Faith in troubled times

In the wake of the Pope’s Pastoral Letter to the Catholics of Ireland, Leanne Waters examines the strength of her own faith in the Roman Catholic ChurchFrom biblical stories to white Communion robes, and even wondering how much money we’ll get on our Confirmation, I was a typically reared child of Catholicism. Like most, when I was apparently old enough to “make my own decisions” as regards my faith, I abandoned it completely. Uninterested in weekly mass attendance, rosary beads and the good book itself, it seemed easier to choose a life without this supposed God. It soon became apparent, however, that this aforementioned faith would prove difficult to shake off. And as fate, I suppose, would have it, I re-entered a system that I once thought of as strict and – quite simply – painfully dull. In doing so, I found a surprising comfort and eventually, even a home.

So let us begin this with the clarification that I would greatly be a person of unwavering spirituality. Moreover, these religious endeavours fall under the guidance of the Roman Catholic Church; partly by choice but mostly by chance of upbringing. Like many of the Catholic community, however, this very idea of faith is being called more and more into question. With the ongoing eruption of sexual abuse cases coming to light, it seems the Church is beginning to show a number of cracks in its interior. And with so many holes to be found, the question remains, can this religious flock still trust in this long-standing shepherd?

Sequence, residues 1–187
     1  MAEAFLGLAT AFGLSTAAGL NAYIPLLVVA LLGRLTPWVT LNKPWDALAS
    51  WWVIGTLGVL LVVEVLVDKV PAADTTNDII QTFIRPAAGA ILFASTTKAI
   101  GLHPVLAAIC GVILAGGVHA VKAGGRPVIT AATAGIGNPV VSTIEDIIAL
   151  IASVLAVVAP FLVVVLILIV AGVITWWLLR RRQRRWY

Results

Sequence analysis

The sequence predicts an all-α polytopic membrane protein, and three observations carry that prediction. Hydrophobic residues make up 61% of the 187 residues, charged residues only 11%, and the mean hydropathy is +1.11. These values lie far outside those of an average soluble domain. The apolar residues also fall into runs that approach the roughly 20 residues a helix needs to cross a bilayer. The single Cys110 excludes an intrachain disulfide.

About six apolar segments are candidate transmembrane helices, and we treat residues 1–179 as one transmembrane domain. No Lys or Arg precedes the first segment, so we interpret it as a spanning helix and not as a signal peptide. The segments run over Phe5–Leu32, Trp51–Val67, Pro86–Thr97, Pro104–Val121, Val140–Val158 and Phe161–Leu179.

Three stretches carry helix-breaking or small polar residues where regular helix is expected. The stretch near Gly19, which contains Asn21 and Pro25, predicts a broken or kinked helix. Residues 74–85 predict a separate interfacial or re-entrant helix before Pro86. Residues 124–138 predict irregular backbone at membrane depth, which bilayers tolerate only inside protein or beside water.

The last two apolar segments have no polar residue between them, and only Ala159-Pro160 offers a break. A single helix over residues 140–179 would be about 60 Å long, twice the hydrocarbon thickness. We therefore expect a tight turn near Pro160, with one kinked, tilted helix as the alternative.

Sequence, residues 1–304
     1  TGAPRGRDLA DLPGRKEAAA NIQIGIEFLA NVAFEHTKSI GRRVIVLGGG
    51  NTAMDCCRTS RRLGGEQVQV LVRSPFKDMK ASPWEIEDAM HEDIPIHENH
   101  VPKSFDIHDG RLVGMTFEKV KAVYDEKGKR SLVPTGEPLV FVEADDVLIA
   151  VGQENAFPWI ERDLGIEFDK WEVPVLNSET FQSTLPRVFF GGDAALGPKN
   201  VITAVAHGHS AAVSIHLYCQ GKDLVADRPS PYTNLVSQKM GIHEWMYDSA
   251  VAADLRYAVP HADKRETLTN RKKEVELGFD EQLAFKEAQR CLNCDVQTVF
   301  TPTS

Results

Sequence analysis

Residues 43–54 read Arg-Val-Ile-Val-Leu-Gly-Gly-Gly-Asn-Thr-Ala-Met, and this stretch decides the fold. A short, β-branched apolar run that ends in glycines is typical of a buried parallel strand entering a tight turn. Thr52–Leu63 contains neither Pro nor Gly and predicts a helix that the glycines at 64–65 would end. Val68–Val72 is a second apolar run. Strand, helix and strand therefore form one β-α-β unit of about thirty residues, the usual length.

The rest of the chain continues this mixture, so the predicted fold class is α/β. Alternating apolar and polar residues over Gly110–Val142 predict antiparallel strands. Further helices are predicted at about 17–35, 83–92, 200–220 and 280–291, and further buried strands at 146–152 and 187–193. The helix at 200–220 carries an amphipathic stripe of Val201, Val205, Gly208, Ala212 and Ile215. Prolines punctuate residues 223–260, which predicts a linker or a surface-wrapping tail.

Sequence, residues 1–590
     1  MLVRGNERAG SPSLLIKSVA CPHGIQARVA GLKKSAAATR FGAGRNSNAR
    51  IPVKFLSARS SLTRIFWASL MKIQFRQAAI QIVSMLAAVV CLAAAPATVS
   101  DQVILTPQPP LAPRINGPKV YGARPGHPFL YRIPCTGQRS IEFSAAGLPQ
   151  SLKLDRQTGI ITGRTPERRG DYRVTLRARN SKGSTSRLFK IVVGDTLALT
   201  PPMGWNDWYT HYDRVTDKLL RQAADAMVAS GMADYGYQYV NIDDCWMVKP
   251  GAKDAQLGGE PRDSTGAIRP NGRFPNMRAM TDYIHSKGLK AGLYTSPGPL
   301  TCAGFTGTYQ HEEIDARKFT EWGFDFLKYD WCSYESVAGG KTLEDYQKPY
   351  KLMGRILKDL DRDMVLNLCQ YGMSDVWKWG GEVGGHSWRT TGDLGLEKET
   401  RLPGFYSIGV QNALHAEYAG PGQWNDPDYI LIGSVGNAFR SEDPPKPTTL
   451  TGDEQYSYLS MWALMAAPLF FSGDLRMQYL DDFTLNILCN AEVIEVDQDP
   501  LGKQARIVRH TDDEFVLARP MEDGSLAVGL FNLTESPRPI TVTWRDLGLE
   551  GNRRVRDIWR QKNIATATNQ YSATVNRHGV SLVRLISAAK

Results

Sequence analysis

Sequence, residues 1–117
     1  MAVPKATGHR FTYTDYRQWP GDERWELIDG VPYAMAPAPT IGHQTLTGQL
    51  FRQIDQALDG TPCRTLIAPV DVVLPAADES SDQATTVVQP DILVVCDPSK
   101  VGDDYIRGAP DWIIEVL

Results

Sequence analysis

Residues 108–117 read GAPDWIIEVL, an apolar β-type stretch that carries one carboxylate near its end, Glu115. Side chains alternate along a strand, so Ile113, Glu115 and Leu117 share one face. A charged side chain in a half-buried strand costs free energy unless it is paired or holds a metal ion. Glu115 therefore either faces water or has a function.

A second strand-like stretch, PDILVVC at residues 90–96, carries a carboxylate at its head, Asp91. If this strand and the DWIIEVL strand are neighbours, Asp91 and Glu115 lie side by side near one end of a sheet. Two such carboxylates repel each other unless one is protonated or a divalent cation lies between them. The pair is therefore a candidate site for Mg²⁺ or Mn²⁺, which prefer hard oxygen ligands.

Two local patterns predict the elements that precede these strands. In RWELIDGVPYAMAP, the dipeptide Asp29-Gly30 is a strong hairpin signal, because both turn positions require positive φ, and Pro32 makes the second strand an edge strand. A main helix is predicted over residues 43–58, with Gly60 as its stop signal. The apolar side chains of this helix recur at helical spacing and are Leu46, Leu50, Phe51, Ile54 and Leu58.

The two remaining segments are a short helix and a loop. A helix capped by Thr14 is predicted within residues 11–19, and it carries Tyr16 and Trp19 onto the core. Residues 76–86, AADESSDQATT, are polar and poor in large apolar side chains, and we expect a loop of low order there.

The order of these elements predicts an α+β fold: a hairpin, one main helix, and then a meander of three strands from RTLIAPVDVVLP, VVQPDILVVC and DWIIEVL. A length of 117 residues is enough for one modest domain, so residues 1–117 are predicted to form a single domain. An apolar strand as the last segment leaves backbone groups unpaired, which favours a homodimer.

Recently, there have been an overwhelming series of media reports as regards our current Pope Benedict XVI. Allegedly before his ascension to pontiff, Benedict may have overlooked the evidence that a fellow man of cloth abused a staggering figure of some 200 deaf boys. The man in question was reportedly not defrocked despite warnings forwarded to the Vatican and, more notably, to Cardinal Joseph Alois Ratzinger (Pope Benedict). The Vatican has denied any cover-up in the abuses executed by Reverend Lawrence Murphy in Wisconsin.Whether religious, atheist or otherwise, response to the bombardment of disturbing allegations seems complicated and contentious among the general public. “I think Pope Benedict needs to commit to the twenty-first century. The only way of doing this is by treating the perpetrators like men and like the criminals they are. Children are innocent and need all the protection they can get. It doesn’t matter if the abuse was carried out decades ago; justice still needs to be served. God help the victims.”Another individual had the following to say on the matter: “My only feeling about what’s going on in the Church is that it’s very sad. But it seems the entire clergy is being tarred with the one brush as a result of what individuals have done. It’s a shame. There are a lot of people losing their faith because of it. You start to wonder - as someone said recently on television – is it a case of priests becoming pedophiles or a case of pedophiles becoming priests? I’m just wondering was the decision to enter such a position of power to lead? Or was it a result of sick calculation? ”The controversy has particularly hit home with many here in Ireland. With scandals emerging such as that of Irish Bishop John Magee, who stepped down from his post a year ago after it came to light that he kept crucial information regarding two paedophile priests in his diocese of Cloyne from the police. It was discovered that Magee, who had been aware of the complaints against the two priests since 1995, did not come forward with this information until 2003. Bishop Magee reportedly offered his “sincere apologies” for his actions for so many years and had asked for forgiveness from the abuse victims. This provided little reassurance and only proved to further damage the moral credibility of the Vatican itself, to which Bishop Magee had been strongly linked for many years.With so much confusion and utter deception to be found within the institution itself, it seems only natural that young adults, like all other facets of our society, would also be greatly affected by the horrific revelations and accusations. It appears to be the general consensus that the Church has lost touch with the youth of today: “Young people just can’t relate to the Church. The same rules just don’t apply in society anymore. People do have sex before marriage and people do use contraception. To be honest, I reckon they just need to realise that times have changed and unless they modernize their teachings a bit, people just won’t be able to incorporate religion into their lifestyles.“When you consider that and then the fact that there have been so many cover-ups, how do they expect people to follow them? The people involved in all the abuse scandals need to be brought forward and punished as anyone else would be. But the Church seems too old-fashioned to even do that by modern standards. ”Despite opinions such as that of a UCD student above, it seems not all youths have yet strayed from the establishment. With countless youth groups and choirs around the country, a ray of hope is yet to be seen for the future of the Catholic Church. In saying this, it is also important to perhaps note the many positive outlets which the institution caters for and works with. From missionary volunteer work abroad to the setting up of numerous youth groups, it remains to be said that the Church still plays a vital role within society. Even here in UCD, we have the opportunity to avail of our own chaplaincy if support is needed. This is coupled with the on-campus Church, which has a number of wonderful services that act as a crucial part of student life for many UCD alumni.Though these are indeed challenging times in the history of this 2000-year-old establishment, there still lies a foundation of hope amidst the rubble. The real question is how is this international scandal affecting the devoted followers of the Church? I believe it true to say that “every man has rights that are neither conferred by, nor derived from the State--they are God-given”. And by this statement, we must forcefully advocate the upholding of these rights. Namely, in the case of the countless victims, the right to be safe and the right have justice carried out to its full extent on their behalf. What many – myself included - struggle to come to grips with is the reality that such aptly-named God-given rights have been abused by a number of the very people whose vocation it was to carry out the word of God.Thus, it can become all too easy for a wary mistrust of the entire establishment to arise. In my opinion - feeling as powerless as I’m sure most do - the real conflict we all must face is that between our internalized faith and the religious institution which claims its properties. It is an impossible task for any individual to give answers on such sensitive matters and so, I apologise for a seemingly would-be righteous feature. However, given the personal nature of spirituality, I feel it just barely acceptable to voice my own opinion in saying that any institution, religious or otherwise, is man-made. And within any man-made organisation we will always find corruption. Divinity and righteousness cannot be found in any creation made by man. To believe such, is to misplace our faith.What I have found to be the most important aspect in such a menacing scandal is to bear in mind that though cracks can be found in this man-made order, the foundation behind it is built on something much stronger. In personal faith versus the institution, faith will continually win out. And perhaps it is this faith that will ease many through what has become a worldwide controversy. In such a horrific chapter that has deeply affected so many, “let us have faith that right makes might and in that faith let us; to the end, dare to do our duty as we understand it.”